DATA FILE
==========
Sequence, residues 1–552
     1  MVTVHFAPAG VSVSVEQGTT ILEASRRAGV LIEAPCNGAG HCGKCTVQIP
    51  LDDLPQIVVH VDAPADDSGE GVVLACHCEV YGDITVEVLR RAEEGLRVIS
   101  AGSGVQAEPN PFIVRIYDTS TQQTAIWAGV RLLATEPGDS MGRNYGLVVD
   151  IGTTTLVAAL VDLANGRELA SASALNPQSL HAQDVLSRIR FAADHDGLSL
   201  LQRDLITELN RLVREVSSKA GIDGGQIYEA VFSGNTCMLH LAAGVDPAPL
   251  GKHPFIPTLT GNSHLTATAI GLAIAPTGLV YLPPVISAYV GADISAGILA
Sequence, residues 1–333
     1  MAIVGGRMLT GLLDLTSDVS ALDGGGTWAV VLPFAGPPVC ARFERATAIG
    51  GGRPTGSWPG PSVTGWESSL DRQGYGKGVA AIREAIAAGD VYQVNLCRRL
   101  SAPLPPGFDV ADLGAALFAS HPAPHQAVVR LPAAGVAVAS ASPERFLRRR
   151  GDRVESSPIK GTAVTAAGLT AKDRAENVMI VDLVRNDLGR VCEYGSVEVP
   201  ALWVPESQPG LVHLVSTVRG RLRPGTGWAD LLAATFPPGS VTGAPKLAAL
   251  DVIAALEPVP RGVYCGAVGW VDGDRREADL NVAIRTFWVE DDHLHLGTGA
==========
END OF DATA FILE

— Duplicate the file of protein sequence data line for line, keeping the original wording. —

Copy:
Sequence, residues 1–552
     1  MVTVHFAPAG VSVSVEQGTT ILEASRRAGV LIEAPCNGAG HCGKCTVQIP
    51  LDDLPQIVVH VDAPADDSGE GVVLACHCEV YGDITVEVLR RAEEGLRVIS
   101  AGSGVQAEPN PFIVRIYDTS TQQTAIWAGV RLLATEPGDS MGRNYGLVVD
   151  IGTTTLVAAL VDLANGRELA SASALNPQSL HAQDVLSRIR FAADHDGLSL
   201  LQRDLITELN RLVREVSSKA GIDGGQIYEA VFSGNTCMLH LAAGVDPAPL
   251  GKHPFIPTLT GNSHLTATAI GLAIAPTGLV YLPPVISAYV GADISAGILA
Sequence, residues 1–333
     1  MAIVGGRMLT GLLDLTSDVS ALDGGGTWAV VLPFAGPPVC ARFERATAIG
    51  GGRPTGSWPG PSVTGWESSL DRQGYGKGVA AIREAIAAGD VYQVNLCRRL
   101  SAPLPPGFDV ADLGAALFAS HPAPHQAVVR LPAAGVAVAS ASPERFLRRR
   151  GDRVESSPIK GTAVTAAGLT AKDRAENVMI VDLVRNDLGR VCEYGSVEVP
   201  ALWVPESQPG LVHLVSTVRG RLRPGTGWAD LLAATFPPGS VTGAPKLAAL
   251  DVIAALEPVP RGVYCGAVGW VDGDRREADL NVAIRTFWVE DDHLHLGTGA